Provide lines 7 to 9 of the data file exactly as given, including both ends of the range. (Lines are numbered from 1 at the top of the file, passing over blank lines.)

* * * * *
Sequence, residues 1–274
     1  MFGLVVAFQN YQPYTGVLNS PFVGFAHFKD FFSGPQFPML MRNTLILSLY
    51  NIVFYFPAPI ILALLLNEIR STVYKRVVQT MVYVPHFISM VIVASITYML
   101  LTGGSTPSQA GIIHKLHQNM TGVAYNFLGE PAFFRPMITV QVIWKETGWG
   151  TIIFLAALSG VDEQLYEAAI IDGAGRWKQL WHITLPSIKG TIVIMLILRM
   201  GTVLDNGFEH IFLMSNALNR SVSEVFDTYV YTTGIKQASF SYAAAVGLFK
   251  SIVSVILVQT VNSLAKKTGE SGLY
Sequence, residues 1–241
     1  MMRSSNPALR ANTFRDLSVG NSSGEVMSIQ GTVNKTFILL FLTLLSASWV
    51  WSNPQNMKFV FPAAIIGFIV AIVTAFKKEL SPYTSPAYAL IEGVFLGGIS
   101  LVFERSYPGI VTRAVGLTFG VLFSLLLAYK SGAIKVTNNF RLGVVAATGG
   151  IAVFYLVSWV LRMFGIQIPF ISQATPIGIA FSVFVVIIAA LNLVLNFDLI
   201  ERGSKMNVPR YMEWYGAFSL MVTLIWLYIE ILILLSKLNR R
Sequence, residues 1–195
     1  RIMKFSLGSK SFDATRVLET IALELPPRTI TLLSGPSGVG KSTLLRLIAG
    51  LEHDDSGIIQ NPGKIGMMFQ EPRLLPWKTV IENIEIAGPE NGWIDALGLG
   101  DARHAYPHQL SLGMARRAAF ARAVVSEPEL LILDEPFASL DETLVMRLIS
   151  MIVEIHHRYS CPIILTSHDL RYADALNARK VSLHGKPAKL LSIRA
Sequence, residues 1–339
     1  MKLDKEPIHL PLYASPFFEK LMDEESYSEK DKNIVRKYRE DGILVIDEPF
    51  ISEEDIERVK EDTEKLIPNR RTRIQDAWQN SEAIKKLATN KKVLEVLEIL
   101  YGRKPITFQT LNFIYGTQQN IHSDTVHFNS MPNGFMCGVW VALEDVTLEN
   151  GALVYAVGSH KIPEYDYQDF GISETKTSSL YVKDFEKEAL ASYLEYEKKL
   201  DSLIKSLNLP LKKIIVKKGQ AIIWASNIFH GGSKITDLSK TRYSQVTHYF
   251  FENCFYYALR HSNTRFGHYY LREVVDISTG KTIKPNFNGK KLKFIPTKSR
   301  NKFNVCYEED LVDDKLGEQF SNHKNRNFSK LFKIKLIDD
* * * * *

   251  SIVSVILVQT VNSLAKKTGE SGLY
Sequence, residues 1–241
     1  MMRSSNPALR ANTFRDLSVG NSSGEVMSIQ GTVNKTFILL FLTLLSASWV